It was time for someone to step up and assume the volatile role of Speaker of the House for the sake of the Republican party and the nation at large.

U.S. Rep. Paul Ryan, R-Wisconsin — aka Janesville’s very own — knew this, which is why even though he repeatedly refused the job of speaker, he announced his intent to run in a statement last week.

Who can blame Ryan for denying the Speaker of the House position initially? It is a very powerful position that would put him third in line to the presidency and next in line for the vice presidency. But being House Speaker means being undermined and constantly chastised for not pushing through unrealistic, extremely far right-wing legislation.

Congressional entities like the Freedom Caucus have wreaked havoc on the speakership over the last few years through threats to shut the government down and direct challenges to authority.

They’ve wreaked so much havoc it caused former Speaker John Boehner, R-Ohio, to retire at the end of the month and caused his likely replacement, U.S. Rep. Kevin McCarthy, R-California, to drop out of the speaker’s race the day of the vote. 

The departure of McCarthy from the speaker race meant the campaign and subsequent vote was likely to turn into an unmitigated shitshow, the likes of which would have set congressional Republicans back even further.

US Rep. Paul Ryan announces candidacy for Speaker of the HouseU.S. Rep. Paul Ryan, R-Wisconsin, announced Thursday he is officially running for Speaker of the House after Speaker John Boehner, R-Ohio, Read…

In addition to his announcement, he also laid out terms that needed to be met in order for him to serve. These terms included a demand that the major factions within the Republican Conference endorse him and for those groups to refrain from attempts to remove him from the speaker’s chair if he makes a decision they disagree with.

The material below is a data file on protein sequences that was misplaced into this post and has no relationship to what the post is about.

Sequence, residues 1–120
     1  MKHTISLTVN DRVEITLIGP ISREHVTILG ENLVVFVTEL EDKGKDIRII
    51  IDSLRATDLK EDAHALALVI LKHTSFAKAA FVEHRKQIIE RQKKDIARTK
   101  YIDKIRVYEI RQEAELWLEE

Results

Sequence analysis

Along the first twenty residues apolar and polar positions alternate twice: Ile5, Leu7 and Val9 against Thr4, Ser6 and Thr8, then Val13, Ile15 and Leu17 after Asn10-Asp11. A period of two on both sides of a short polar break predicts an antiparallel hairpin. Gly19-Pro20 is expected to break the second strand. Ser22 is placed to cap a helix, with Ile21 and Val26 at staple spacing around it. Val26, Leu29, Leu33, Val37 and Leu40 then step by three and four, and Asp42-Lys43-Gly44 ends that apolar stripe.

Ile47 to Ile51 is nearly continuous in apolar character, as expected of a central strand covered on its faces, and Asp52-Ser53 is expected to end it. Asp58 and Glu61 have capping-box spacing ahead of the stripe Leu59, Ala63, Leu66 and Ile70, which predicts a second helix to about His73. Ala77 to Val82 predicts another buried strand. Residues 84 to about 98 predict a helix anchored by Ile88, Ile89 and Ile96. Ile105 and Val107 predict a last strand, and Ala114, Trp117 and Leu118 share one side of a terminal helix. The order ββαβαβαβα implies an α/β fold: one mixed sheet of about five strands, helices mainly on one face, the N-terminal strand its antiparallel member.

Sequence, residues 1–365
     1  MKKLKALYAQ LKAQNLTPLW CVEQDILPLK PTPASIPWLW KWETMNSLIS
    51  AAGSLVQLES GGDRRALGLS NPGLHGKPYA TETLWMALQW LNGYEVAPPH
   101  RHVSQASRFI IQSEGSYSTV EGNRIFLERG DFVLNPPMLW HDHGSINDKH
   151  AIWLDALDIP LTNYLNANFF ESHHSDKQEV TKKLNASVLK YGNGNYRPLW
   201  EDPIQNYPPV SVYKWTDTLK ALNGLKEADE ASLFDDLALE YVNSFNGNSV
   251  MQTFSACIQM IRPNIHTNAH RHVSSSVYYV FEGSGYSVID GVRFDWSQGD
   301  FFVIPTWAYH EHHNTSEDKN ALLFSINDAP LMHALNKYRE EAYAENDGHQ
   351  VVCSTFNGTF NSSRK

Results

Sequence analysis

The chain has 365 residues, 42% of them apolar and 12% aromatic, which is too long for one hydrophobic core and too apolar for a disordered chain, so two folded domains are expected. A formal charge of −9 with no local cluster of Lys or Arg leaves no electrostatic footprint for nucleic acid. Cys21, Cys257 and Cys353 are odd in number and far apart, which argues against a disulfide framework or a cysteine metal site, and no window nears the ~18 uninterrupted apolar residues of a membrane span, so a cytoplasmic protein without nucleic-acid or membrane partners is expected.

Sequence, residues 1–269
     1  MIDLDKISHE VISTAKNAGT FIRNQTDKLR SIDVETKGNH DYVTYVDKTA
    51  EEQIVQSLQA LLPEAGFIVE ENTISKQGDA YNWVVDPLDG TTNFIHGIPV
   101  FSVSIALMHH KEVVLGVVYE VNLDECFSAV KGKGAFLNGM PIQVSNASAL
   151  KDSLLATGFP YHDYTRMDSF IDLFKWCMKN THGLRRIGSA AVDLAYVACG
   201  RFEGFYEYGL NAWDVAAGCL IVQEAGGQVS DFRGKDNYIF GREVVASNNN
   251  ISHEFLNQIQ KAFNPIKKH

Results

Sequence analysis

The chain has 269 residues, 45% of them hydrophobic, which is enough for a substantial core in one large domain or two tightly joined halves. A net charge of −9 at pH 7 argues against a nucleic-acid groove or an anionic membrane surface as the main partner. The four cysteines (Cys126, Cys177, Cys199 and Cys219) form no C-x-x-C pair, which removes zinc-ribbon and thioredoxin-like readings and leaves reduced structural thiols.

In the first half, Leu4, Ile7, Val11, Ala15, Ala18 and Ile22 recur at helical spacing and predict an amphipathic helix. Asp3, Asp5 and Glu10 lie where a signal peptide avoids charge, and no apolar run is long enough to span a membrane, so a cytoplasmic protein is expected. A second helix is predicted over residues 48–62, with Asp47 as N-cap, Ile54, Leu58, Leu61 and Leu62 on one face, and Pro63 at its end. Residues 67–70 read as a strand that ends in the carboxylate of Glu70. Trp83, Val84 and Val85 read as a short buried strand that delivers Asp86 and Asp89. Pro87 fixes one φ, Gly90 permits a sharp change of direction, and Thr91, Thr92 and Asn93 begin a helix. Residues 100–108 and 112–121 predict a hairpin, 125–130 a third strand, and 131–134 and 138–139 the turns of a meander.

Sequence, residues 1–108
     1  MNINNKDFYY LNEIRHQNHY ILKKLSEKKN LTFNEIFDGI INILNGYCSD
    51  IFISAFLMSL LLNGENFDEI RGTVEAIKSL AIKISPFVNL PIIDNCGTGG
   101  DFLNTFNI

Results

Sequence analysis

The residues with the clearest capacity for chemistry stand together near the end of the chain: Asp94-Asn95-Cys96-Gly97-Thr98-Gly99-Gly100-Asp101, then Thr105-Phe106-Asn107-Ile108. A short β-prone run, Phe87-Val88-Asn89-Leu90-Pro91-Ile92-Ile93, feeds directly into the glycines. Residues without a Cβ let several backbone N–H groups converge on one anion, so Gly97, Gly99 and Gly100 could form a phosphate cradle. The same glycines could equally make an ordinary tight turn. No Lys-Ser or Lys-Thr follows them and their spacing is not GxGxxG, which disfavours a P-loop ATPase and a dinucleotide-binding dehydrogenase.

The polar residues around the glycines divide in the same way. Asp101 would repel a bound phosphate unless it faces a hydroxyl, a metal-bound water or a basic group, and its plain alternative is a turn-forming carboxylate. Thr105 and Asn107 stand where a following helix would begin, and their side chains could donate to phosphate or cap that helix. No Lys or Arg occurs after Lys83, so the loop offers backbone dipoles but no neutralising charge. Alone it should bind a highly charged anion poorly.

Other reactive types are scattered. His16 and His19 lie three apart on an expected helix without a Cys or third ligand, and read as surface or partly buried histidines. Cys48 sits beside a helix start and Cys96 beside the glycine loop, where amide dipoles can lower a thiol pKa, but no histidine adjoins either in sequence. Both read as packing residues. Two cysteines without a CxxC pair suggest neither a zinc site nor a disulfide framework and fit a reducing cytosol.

It is a very risky move to challenge these powerful groups. Putting the onus on the Freedom Caucus to vocalize their support for Ryan prior to a vote could have potentially alienated them and caused even more problems down the road.

Luckily it was a move that paid off, with the Freedom Caucus voting over the weekend to endorse Ryan for speaker, with 65 to 70 percent support.

With the support of the Freedom Caucus, Ryan was able to do what McCarthy couldn’t, which was to guarantee a vote of confidence as he ascends to the speakership.

Ryan was able to do this because he has proven himself as a leader in Congress who is not afraid to reach across the aisle to get things done.

The bipartisan budget agreement of two years ago that helped prevent another government shutdown is proof of this. He has also been one of the only notable people in Congress to have presented alternative proposals for important and contentious issues like social security, tax reform and Medicaid.

This reputation and the goodwill he has built up with his colleagues during his time in Congress more than qualifies him to serve as speaker. With his actions this past week, Ryan has shown he is competent, and needed in this current political climate.

What Ryan did this past week was both rare and powerful. He exemplified the ideal public servant: someone who answers the call to serve even against his own best interests and does things not for personal exposure or opportunity, but because it’s something that has to be done.

This point is illuminated by U.S. Rep. Tom Cole’s, R-Oklahoma, comment on the possibility of Ryan becoming speaker.

“The man and the moment have met.”

That is a perfect encapsulation of what has transpired with Ryan during this process. If getting a supermajority of the most conservative members of Congress to endorse him while doing little to no campaigning is any indication of what Ryan can do as speaker, then despite his reluctance, Ryan just might be the man who meets the moment when the House votes Wednesday.

Miles Brown (mjbrown22@wisc.edu) is a recent UW graduate with degrees in political science and history.